If you can deal with little space, I would vote DC. You'll pay more, but the city is very easy to get around by bike - so easy, in fact, that many go completely carless here. Good luck and PM me if you have any questions! I've been here for nearly 4 years and spent about a year of that looking for a home to purchase.

I agree with this except I'm less bullish on most of the neighborhoods east of the river - except for maybe historic Anacostia, it's at least 10-15 years away from being somewhere I'd want to live (and I lived in Columbia Heights before all the development moved in) and much more bullish on the SW Waterfront with the Wharf and soccer stadium coming soon.

Having said that, more important when you first move here is proximity to work and other amenities you might use daily. Try to avoid relying on Metro if you can. If you work in DC and are okay trading off space, the answer is almost certainly to live in the city. With the prevalence of Uber, bikeshare, and car2go, owning a car is completely optional here - meaning, if you buy one and don't have a job in the far flung burbs, then you really can't call yourself mustachian. Good luck!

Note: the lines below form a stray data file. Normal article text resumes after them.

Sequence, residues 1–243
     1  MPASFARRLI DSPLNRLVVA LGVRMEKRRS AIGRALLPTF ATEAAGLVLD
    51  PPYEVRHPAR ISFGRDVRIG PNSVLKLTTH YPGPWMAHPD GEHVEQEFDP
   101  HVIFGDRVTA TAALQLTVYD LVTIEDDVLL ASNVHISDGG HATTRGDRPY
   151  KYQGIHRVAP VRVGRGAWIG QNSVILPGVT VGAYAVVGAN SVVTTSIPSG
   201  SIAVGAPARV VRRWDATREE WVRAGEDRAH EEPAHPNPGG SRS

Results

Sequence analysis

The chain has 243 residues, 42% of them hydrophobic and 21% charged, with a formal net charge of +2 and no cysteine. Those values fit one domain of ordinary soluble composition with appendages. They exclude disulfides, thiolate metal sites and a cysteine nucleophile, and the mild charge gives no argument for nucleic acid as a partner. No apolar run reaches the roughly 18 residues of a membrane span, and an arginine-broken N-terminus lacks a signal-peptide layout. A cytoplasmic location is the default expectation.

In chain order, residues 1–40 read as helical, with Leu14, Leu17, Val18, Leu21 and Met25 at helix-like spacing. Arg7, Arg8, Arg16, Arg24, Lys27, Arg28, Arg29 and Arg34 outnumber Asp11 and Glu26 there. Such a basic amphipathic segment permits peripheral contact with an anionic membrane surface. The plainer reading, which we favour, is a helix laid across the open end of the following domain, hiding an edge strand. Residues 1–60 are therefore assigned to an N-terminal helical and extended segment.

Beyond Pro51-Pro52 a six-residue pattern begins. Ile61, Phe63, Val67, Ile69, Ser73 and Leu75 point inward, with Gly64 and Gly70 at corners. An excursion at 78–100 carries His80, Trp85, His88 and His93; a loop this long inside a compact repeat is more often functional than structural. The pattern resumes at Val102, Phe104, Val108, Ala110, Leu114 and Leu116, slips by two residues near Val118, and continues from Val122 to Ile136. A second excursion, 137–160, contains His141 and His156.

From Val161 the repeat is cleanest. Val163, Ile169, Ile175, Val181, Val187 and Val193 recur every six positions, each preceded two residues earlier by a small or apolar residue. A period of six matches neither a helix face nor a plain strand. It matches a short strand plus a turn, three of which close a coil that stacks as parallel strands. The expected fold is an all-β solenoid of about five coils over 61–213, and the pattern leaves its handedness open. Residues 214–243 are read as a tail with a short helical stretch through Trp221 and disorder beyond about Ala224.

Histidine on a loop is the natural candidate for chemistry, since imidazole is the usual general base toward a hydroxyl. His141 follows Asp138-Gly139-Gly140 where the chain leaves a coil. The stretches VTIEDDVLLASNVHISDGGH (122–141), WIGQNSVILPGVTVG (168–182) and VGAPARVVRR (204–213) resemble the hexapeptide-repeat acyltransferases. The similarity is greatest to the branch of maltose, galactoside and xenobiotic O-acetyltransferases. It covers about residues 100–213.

hdatontodo

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Re: Moving to DC area
« Reply #10 on: May 13, 2015, 07:56:23 AM »
Avoid the right side of this map (PG County)

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mozar

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Re: Moving to DC area
« Reply #11 on: May 13, 2015, 11:24:05 AM »
I heartily disagree. I live in pg county in greenbelt, and it's a lovely walkable town, 2 miles from the metro. In fact I am looking to rent a room for 550. Though I may be too far from DC for the OP. There is also mt rainier, hyattsville arts district and college park. All walkable safe towns near metro stops.